Unlike some professions, the terms ‘human factors specialist’ or ‘ergonomist’ are not legally protected, or regulated (e.g., by the Health and Social Care Professions Council in the UK), and so are not regulated with titles that are legally protected (e.g. Registered Occupational Psychologist, Registered Dietitian, Registered Physiotherapist).

However, HF/E is subject to accreditation (e.g., registration, certification, and chartership) in many countries (e.g., UK, USA, Canada, Australia, NZ, and Europe as a whole). So perhaps the easiest way to have confidence in the competency of an HF/E consultancy, training provider, or individual practitioner is to check for accreditation. This varies throughout different countries. In the UK, the Chartered Institute of Ergonomics and Human Factors provides various accreditations via Chartership, which is conferred to those members who fulfil certain criteria. This includes “having a high level of qualification and experience and being able to demonstrate continuing professional development”. Additionally, different grades of membership of the CIEHF – Fellow, Registered Member, Graduate Member, Technical Member – reflect competency, proficiency and experience.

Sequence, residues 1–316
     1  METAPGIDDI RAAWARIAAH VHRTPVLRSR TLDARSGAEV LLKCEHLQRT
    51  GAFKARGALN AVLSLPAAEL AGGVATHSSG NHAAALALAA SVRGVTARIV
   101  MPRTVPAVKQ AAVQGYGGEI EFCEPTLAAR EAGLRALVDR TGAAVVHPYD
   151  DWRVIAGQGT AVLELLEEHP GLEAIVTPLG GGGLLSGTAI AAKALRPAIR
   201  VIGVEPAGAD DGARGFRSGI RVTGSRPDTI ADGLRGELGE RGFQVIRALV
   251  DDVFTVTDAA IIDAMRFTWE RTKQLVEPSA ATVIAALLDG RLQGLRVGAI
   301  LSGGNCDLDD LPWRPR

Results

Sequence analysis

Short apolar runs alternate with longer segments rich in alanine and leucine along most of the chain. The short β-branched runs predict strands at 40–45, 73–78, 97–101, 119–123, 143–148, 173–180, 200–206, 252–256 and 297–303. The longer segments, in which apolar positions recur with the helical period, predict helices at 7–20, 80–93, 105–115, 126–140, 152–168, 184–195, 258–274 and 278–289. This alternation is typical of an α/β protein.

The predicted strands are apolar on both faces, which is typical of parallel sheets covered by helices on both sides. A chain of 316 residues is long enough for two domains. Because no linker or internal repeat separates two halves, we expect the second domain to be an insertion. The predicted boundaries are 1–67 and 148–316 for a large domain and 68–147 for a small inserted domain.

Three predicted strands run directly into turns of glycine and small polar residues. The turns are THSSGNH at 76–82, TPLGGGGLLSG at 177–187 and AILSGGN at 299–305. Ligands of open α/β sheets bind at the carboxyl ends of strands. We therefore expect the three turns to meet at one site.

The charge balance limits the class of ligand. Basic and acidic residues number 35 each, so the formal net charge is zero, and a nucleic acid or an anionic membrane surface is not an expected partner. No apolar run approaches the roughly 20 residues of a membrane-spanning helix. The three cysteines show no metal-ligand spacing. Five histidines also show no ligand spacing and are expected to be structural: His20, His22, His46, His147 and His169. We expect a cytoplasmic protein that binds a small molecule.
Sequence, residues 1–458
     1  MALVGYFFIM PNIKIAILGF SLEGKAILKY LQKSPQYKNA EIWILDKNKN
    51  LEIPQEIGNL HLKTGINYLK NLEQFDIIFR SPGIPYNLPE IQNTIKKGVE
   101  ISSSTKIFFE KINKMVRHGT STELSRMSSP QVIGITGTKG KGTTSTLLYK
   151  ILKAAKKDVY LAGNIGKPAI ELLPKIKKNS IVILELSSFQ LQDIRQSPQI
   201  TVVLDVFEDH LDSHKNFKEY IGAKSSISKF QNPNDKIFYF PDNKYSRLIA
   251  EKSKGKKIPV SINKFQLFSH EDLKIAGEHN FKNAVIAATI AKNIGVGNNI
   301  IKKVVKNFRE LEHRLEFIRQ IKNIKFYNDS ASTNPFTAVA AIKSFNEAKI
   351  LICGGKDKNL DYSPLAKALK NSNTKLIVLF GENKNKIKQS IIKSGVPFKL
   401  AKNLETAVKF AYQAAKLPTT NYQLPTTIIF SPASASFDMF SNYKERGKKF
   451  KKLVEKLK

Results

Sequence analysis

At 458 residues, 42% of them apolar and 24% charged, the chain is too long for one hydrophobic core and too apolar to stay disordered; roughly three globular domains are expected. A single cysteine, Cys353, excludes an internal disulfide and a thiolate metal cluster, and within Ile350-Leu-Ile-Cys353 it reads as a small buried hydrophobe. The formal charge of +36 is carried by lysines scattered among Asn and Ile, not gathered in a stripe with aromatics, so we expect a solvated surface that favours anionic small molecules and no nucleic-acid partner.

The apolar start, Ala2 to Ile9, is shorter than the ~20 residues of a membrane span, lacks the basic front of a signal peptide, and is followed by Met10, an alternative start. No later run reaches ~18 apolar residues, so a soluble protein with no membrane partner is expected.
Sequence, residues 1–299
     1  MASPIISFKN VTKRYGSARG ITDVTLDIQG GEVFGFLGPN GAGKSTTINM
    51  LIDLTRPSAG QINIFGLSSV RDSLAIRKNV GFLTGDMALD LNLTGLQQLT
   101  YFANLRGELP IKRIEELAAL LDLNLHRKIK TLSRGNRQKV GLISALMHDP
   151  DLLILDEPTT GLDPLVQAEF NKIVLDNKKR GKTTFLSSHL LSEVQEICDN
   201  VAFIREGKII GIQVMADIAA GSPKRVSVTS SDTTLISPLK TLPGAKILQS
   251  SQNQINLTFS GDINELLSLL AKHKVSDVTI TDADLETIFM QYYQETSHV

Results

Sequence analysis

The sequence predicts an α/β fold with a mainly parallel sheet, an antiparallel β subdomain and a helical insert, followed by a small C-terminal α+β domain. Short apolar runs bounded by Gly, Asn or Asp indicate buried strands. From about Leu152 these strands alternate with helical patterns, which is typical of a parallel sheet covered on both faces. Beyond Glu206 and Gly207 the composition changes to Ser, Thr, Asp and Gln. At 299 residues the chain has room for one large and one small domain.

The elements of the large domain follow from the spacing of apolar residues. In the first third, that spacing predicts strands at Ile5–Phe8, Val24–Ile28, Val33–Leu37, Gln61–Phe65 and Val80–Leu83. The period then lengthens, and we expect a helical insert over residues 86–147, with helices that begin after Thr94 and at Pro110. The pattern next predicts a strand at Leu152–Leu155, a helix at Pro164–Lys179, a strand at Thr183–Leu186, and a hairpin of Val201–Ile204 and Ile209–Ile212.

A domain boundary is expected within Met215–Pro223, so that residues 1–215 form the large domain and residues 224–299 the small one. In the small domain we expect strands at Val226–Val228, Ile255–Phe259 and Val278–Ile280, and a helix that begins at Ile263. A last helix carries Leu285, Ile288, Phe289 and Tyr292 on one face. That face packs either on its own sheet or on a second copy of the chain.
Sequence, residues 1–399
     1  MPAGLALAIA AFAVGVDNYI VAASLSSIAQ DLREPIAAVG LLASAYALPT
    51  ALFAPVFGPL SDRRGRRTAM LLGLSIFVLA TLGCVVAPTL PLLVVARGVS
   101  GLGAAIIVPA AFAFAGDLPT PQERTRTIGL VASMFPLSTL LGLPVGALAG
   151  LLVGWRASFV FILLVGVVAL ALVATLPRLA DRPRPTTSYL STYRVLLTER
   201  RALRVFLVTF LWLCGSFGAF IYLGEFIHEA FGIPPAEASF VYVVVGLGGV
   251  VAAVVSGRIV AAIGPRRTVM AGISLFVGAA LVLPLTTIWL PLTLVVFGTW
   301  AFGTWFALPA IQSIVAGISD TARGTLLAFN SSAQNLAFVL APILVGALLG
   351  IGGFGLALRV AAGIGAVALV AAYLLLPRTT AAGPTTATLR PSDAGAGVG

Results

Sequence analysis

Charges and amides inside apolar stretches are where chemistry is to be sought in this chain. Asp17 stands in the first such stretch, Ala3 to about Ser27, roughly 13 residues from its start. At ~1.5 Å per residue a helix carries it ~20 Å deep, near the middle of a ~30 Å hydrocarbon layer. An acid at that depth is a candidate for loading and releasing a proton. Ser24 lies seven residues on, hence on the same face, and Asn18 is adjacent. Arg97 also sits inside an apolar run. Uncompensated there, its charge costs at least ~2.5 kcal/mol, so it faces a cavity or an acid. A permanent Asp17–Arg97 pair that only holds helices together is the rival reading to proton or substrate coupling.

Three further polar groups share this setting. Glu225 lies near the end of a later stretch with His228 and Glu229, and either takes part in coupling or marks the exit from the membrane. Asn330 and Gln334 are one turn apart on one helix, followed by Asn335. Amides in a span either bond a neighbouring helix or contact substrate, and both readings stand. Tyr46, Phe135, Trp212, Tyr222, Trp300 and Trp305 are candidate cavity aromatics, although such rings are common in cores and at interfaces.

Member and consultancy directories of HF/E Societies and Associations are available to help. For instance, Members of the HFES can be seen here. Chartered Members of the CIEHF can be seen here. Registered Consultancies that are accredited by the CIEHF can be seen here. You can find other directories of individuals and organisations via the relevant Society or Association in your country. (Note that ‘Associate’ or ‘Affiliate’ Membership is, in most cases, available to anyone and indicates interest and commitment – since all members have to abide by the Code of Conduct – but does not provide assurance of qualifications or experience. Therefore a minimum membership grade for paid support should typically be Graduate or Technical Member.)